After reports of a massive data breach at Target Corp. headquarters affecting over 40 million consumers nation-wide, the Massachusetts Office of Consumer Affairs and Business Regulation is reminding consumers who visited any Target store between November 26 and December 15 need to carefully review their bank and credit card statements immediately for signs of fraud or identity theft. 

Target has issued some information about the breach on their website Those who suspect there has been unauthorized activity on their cards should report it to their bank and credit card companies and call Target at 866-852-8680.

Target Corp. has nearly 1,800 stores across the country, all of which were allegedly affected by the breach.  The stolen information includes customer names, credit and debit card numbers, card expiration dates and the three-digit security codes located on the backs of cards. Target Corp. has stated that the data breach did not affect online purchases.

Businesses that experience a security breach and include the personal information of Massachusetts residents are required to notify the Office of Consumer Affairs and Business Regulation as well as the Attorney General’s Office.

Personal information is defined by Massachusetts law as the resident’s first and last name, or first initial and last name, in combination with one or more of the following: Social Security number, driver’s license number or state-issued ID number, financial account number (including insurance information), or credit/debit card number.

Consumers who believe their personal information may have been exposed to misuse should do the following:

  • Immediately change debit/credit card PINs: If your credit or debit card numbers have been compromised, thieves and scammers may try to empty bank accounts or make fraudulent purchases using the obtained data. 
  • Place a fraud alert on your credit report: Contact one of the three major credit reporting bureaus. The one you contact is required by law to contact the other two credit bureaus. This one-call fraud alert will remain on your credit file for at least 90 days. When you place a fraud alert on credit report, you are entitled to order one free credit report from each of the three nationwide consumer reporting agencies.

If you believe you are a victim of identity theft, do the following, of if t there is unexplained activity on your credit report:

  • Consider placing a security freeze on your credit reports: If you have been a victim of identity theft, and you provide the credit reporting agency with a valid police report, the credit reporting agency cannot charge you to place, lift or remove a security freeze. In all other cases, a credit reporting agency may charge you $5 fee for each placing, temporary lifting or removing of a security freeze.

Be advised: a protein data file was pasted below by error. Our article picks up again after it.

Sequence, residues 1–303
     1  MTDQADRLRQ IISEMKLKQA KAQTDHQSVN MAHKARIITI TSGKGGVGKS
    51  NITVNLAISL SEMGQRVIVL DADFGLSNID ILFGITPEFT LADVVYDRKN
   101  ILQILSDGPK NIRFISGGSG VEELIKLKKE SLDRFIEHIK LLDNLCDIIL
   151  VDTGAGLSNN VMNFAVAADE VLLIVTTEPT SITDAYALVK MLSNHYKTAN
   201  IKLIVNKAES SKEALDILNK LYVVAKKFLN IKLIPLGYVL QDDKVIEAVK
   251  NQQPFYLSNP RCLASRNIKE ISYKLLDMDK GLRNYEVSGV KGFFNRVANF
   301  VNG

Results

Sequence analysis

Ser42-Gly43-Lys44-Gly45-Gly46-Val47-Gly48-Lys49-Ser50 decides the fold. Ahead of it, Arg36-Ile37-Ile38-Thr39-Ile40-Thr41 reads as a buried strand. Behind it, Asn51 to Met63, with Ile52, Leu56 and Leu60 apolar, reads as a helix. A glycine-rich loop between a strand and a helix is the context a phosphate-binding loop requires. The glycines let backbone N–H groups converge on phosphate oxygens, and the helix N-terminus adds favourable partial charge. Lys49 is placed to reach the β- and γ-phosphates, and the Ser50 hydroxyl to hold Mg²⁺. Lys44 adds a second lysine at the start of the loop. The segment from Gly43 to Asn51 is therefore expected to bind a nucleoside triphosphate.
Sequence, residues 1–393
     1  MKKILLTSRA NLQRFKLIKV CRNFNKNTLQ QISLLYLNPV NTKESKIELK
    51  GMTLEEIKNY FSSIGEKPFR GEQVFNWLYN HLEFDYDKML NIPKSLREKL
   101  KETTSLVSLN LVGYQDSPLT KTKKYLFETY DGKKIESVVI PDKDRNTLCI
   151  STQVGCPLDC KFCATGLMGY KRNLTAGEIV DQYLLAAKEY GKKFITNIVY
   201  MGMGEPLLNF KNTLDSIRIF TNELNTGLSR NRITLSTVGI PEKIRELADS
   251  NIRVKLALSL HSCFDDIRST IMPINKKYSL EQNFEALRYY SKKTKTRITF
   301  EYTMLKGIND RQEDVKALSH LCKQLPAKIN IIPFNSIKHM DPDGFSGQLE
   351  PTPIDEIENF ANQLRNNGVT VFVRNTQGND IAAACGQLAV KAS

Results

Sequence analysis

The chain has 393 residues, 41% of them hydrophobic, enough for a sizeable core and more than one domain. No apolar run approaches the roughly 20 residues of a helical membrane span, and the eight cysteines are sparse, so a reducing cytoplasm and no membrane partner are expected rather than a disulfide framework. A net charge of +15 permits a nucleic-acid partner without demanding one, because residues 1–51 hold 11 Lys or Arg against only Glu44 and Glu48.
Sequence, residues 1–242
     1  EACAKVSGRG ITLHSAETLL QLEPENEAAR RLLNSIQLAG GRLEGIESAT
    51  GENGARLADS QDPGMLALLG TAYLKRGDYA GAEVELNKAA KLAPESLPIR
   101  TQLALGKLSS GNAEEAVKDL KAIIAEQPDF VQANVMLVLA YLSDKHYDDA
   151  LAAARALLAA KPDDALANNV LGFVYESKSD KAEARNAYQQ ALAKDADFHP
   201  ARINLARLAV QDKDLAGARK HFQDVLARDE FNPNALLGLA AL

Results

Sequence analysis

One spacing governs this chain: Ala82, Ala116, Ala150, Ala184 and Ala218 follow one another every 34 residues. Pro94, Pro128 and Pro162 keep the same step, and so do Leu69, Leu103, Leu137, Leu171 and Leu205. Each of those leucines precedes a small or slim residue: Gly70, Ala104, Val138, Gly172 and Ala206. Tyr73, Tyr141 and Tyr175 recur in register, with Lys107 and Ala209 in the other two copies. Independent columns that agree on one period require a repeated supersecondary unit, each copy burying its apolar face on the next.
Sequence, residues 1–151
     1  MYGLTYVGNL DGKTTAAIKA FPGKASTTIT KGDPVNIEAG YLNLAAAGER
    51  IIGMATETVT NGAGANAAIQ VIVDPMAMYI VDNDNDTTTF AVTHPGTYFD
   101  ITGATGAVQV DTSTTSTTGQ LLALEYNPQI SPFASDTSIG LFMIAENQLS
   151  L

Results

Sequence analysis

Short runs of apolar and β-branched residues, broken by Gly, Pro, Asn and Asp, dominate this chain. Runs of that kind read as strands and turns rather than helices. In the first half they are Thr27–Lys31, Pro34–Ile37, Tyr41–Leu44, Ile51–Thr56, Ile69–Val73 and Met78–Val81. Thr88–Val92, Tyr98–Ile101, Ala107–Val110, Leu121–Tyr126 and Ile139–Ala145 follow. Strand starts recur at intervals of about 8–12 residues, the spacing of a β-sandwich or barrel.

To place a security freeze on your credit report, you should send a written request to each of the three nationwide consumer reporting agencies by regular, certified or overnight mail at the addresses below:

Equifax: Call (800) 525-6285,, or write: P.O. Box 740241, Atlanta, GA 30374-0241.

Experian: Call (888) 397-3742,, or write: P.O. Box 9532, Allen, TX 75013.

TransUnion: Call (800) 680-7289,, or write: P.O. Box 6790 Fullerton, CA 92834-6790.

The Office of Consumer Affairs and Business Regulation reminds consumers of the following steps they can take to protect their personal information.

  •  Review account statements regularly: By reviewing statements and tracking transactions online, you may be able to detect potential fraud and minimize its damage.  If you suspect a security breach, contact the companies you do business with immediately.
  •  Check your credit report regularly: Consumers are entitled to one free credit report per year from each of the three major credit reporting bureaus – Experian, Equifax and TransUnion.  You can get your free credit report at
  •  Do not use personal information for passwords: Avoid using birthdays or zip codes for bank account and credit card PINs, and do not keep passwords written down in your wallet.
  •  If there is unexplained activity on your credit report, place an extended fraud alert on your credit report. In order to do this, you need to file a police report with your local police department, keep a copy for yourself, and provide a copy to one of the three major credit bureaus.

The Massachusetts Attorney General has also issued an advisory about this data breach.

The Office of Consumer Affairs and Business Regulation is committed to protecting consumers through consumer advocacy and education, and also works to ensure that the businesses its agencies regulate treat all Massachusetts consumers fairly. Visit the Office’s website at Follow the Office at its blog, on Facebook and on Twitter, @Mass_Consumer

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